Dietary Habits and Secondhand Smoke

Exposure to secondhand smoke appears to increase the risk of heart disease and lung cancer. However, a recent study found other health risks associated with secondhand smoke.

A study published in the June 2002 issue of Preventive Medicine examined whether smokers influence the dietary habits of nonsmokers who live in the same household. The researchers administered questionnaires to 817 adults and allocated them to one of four groups:

The researchers found that dietary intake of the following nutrients decreased progressively from group 1 to group 4: 

The following nutritional markers also became increasingly unfavorable from group 1 to group 4:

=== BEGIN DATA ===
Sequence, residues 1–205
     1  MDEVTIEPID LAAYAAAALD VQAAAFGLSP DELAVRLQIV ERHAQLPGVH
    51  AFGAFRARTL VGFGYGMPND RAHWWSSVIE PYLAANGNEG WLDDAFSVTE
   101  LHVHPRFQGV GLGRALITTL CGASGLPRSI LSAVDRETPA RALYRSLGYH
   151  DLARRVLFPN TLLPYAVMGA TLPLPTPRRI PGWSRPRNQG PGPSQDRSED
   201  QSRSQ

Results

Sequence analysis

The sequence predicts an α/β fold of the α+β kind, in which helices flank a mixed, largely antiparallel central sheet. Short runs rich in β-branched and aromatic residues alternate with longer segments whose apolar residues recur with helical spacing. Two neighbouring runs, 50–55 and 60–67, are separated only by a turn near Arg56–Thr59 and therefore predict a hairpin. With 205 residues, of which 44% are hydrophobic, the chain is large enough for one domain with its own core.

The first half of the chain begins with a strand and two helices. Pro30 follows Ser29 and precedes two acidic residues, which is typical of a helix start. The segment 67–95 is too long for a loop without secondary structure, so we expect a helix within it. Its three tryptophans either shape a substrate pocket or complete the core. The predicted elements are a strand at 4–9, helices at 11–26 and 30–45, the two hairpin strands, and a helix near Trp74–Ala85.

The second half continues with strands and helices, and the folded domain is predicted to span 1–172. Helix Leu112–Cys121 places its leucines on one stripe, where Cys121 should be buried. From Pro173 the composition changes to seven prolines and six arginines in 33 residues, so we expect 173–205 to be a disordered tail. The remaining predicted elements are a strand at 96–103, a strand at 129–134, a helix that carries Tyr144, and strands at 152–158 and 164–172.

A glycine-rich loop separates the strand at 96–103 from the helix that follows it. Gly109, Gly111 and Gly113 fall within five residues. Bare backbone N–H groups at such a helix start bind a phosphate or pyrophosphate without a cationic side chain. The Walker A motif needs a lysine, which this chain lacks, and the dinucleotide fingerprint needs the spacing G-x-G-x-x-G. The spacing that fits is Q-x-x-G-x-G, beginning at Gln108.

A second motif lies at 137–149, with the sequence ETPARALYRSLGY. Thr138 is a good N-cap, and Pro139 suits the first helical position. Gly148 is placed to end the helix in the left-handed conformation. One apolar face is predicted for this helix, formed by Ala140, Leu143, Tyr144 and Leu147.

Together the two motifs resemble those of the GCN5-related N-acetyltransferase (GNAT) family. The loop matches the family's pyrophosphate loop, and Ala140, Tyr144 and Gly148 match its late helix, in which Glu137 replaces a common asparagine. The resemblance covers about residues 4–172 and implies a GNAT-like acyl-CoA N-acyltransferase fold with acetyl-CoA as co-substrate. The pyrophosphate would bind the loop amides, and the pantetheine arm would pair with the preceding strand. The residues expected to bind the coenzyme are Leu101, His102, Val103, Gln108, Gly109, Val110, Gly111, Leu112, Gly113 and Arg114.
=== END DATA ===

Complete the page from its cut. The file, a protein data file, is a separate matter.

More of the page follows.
This study suggests that in addition to the direct effects of secondhand smoke, nonsmokers living with smokers may also have less healthy dietary habits, further promoting the risk of heart disease and lung cancer. 


1. Trobs M, Renner T, Scherer G, Heller WD, Geiss HC, Wolfram G, Haas GM, Schwandt P. Nutrition, antioxidants, and risk factor profile of nonsmokers, passive smokers and smokers of the Prevention Education Program (PEP) in Nuremberg, Germany. Preventive Medicine. 2002;34:600-7.


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